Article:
After the publication of the New Horizon paper a second round of consultation begun through a public forum to review the draft policy paper (MAGOP, 1998). During this process, Environment Australia organised public forums where the public could get an overview of the Issues Paper and to provide comment. The forums consisted of two parts, the first part included a formal briefing from Environment Australia officials while the second component was an information session organised by the state branches of the Marine and Coastal Communities Network (MCCN) (Vince, 2003).
Before the release of AOP the Australian Government established a Ministerial Advisory Group on Ocean Policy in 1997 to provide advice to the Minister for Environment and Heritage on the views of the broad range of stakeholders of the policy and any other issues the Group thought relevant to the development of the policy (AOP1, 1998). It has also been suggested that the MAGOP was established to gain the support of NGOs during the Policy process as well as to promote public awareness (Vince, 2003). Later on the MAGOP was replaced by a National Oceans Ministerial Board (NOMB) of key Commonwealth Ministers, chaired by the Minister for the Environment and Heritage (Foster, 2005). The task of the board is to drive the implementation of the AOP by overseeing regional planning processes, furthering policy development, overseeing cross sector coordination, setting priorities for program expenditure and coordinating the Oceans Policy with State governments (AOP1, 1998).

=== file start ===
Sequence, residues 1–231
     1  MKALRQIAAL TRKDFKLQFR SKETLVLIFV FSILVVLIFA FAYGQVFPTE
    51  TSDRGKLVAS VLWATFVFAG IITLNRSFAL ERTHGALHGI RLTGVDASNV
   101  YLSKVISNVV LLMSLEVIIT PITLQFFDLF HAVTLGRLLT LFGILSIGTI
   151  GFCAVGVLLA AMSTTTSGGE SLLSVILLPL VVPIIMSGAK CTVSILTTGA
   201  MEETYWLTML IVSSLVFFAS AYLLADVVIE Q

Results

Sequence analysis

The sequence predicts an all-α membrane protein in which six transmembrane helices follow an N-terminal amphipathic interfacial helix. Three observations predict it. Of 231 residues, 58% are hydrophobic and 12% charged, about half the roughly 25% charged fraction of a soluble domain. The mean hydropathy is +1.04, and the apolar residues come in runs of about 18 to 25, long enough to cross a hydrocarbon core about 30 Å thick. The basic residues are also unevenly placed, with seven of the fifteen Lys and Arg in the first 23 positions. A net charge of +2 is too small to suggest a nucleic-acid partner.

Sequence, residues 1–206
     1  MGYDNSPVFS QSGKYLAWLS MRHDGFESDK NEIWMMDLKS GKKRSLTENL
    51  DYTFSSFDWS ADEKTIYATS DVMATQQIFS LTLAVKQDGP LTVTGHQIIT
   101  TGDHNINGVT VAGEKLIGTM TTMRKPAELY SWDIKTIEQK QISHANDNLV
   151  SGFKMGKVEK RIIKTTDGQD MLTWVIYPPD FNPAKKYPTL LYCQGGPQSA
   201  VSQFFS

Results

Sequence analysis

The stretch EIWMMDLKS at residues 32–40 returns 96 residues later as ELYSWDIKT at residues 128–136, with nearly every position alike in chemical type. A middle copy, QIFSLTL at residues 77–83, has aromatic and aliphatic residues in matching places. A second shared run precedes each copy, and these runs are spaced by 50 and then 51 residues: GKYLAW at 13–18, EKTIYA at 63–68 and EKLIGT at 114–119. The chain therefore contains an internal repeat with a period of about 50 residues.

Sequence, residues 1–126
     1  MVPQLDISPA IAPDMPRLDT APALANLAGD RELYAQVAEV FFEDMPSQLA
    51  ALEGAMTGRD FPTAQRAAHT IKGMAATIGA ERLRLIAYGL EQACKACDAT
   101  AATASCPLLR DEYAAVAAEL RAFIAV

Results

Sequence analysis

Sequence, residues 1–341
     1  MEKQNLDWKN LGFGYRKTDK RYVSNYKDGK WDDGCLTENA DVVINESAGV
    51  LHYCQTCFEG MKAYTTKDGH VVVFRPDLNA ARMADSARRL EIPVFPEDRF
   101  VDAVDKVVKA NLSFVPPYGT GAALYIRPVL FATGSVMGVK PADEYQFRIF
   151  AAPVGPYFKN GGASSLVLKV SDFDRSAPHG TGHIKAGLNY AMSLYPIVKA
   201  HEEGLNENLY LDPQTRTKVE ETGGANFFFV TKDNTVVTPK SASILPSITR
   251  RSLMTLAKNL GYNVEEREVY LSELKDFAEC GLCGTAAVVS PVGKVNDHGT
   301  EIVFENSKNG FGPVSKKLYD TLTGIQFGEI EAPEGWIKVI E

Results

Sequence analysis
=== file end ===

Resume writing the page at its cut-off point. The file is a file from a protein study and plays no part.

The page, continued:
Based on the wide policy consultation process Australia was quickly able to develop its sustainable National Ocean Policy and vision of “Healthy oceans: cared for, understood and used wisely for the benefit of all, now and in the future”(AOP1, 1998). The aim of the strategy is to overcome problems perceived to arise from a division of powers and responsibilities leading to jurisdictional overlap and inconsistencies in ocean management (Vince, et al. 2003). The strategy also intends to overcome the problems and limitations imposed by sector based management by supporting integration across sectors through regional marine planning. AOP came in two volumes (AOP1, 1998). The first volume targeted nine major objectives: “1) exercise and protect Australia’s rights and jurisdiction over offshore areas, including offshore resources. 2) To meet Australia’s international obligations under the United Nations Convention on the Law of the Sea and other international treaties. 3) To understand and protect Australia’s marine biological diversity, the ocean environment and its resources, and ensure ocean uses are ecologically sustainable. 4) To promote ecologically sustainable economic development and job creation. 5) To establish integrated oceans planning and management arrangements. 6) To accommodate community needs and aspirations. 7) To improve expertise and capabilities in ocean-related management, science, technology and engineering. 8) To identify and protect Australia’s natural and cultural marine heritage. 9) To promote public awareness and understanding” (AOP1, 1998). The key principles that were used in developing Australia ocean policy intrinsically; indigenous peoples’ interests; stewardship ethic; intergenerational and social equity; ecologically sustainable use; conservation of biological diversity; participatory, transparent and accountable decision making and management; and integrated planning and management(AOP1, 1998).